Samsung has had a great couple of years, however, it seems as though that might be about to change, with the company having announced its first ever drop in annual smartphone sales.

The decline in sales was reported by TrendForce, which said that it expected smartphone sales from the South Korean company to be down one percent from last year.

This is a pretty big deal for the company, which has become one of the most popular smartphone sellers in the world with its Galaxy line and has battled with Apple over the years for the title of the biggest smartphone seller in the world.

Of course, the decline isn't totally unexpected. Samsung smartphone sales and market share have both been slowing in their growth over the past few years, largely because of increased competition by Chinese smartphone manufacturers like Huawei and Xiaomi. Not only that, but Samsung's latest flagship devices, the Galaxy S6 and Galaxy S6 Edge, have largely failed to turn the company's fortunes around, despite offering a total redesign.

In total, TrendForce estimates that Samsung will sell 40 million Galaxy S series smartphones this year, as well as around 10 million units of the Galaxy Note 5. Including the S series, Galaxy Note series and everything else, it is expected that Samsung will sell around 323.5 million smartphones this year.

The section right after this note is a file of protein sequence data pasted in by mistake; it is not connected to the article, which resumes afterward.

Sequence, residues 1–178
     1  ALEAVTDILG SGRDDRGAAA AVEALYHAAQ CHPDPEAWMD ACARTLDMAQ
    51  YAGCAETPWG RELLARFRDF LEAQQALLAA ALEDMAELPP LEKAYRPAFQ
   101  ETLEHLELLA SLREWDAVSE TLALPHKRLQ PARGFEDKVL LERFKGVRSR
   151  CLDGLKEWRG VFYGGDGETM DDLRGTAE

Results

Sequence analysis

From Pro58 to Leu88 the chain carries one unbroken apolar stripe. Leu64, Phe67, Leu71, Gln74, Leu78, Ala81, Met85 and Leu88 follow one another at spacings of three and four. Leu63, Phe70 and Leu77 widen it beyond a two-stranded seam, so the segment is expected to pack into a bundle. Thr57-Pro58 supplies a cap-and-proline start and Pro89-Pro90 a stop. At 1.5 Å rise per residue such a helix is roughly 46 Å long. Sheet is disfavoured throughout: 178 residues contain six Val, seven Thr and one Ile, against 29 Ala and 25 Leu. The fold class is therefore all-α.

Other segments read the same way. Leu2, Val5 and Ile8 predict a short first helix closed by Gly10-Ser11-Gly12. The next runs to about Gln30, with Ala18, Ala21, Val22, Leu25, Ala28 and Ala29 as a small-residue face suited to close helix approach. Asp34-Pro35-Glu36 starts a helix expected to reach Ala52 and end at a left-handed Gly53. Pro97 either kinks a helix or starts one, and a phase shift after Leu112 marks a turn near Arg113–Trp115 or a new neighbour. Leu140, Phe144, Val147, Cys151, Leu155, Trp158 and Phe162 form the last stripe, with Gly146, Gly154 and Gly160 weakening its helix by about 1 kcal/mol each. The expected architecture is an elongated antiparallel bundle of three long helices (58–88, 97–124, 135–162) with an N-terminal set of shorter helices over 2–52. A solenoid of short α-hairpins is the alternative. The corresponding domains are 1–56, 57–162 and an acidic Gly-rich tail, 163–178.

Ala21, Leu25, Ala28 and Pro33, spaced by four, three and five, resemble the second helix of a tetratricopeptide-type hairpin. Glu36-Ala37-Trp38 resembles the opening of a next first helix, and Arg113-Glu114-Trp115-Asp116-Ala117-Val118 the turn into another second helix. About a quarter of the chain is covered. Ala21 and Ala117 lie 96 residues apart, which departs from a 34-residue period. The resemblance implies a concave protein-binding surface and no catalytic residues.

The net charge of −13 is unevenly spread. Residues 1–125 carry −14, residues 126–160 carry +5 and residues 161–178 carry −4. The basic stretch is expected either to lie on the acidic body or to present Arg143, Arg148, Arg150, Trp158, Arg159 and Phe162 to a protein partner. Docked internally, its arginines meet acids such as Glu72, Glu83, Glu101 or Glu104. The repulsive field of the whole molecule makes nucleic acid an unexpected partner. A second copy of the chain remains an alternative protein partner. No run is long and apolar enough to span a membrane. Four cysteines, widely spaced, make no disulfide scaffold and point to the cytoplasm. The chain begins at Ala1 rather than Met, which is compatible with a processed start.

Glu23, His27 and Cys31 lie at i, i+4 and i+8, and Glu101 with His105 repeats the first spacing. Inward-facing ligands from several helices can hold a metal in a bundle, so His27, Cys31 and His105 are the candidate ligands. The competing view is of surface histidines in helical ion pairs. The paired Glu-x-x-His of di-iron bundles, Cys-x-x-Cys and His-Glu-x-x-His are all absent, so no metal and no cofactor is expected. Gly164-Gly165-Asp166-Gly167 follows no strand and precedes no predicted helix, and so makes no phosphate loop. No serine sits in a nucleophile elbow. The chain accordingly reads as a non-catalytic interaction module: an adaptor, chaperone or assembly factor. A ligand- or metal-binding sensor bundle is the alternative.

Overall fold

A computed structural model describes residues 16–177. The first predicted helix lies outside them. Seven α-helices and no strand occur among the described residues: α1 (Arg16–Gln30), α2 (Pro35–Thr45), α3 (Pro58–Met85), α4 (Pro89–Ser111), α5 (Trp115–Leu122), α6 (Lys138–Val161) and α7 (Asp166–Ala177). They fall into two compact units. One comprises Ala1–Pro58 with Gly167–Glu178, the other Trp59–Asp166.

Huawei, however, is on the rise, and has so far shipped 100 million smartphones, making it the first Chinese smartphone manufacturer to do so. In total, Huawei is expected to grow by 40 percent over last year.

Of course, even though Samsung's sales are in decline, the company still sits atop the smartphone industry with a market share of 24.6 percent, at least for the third quarter of 2015.

Worldwide smartphone shipments will likely grow by around 9.3 percent in total this year, however, that's expected to go down 7.7 percent in 2016. This is because of the fact that markets like the U.S. and Europe have become saturated over the past few years, meaning there are fewer first-time smartphone buyers.

Via: Cnet

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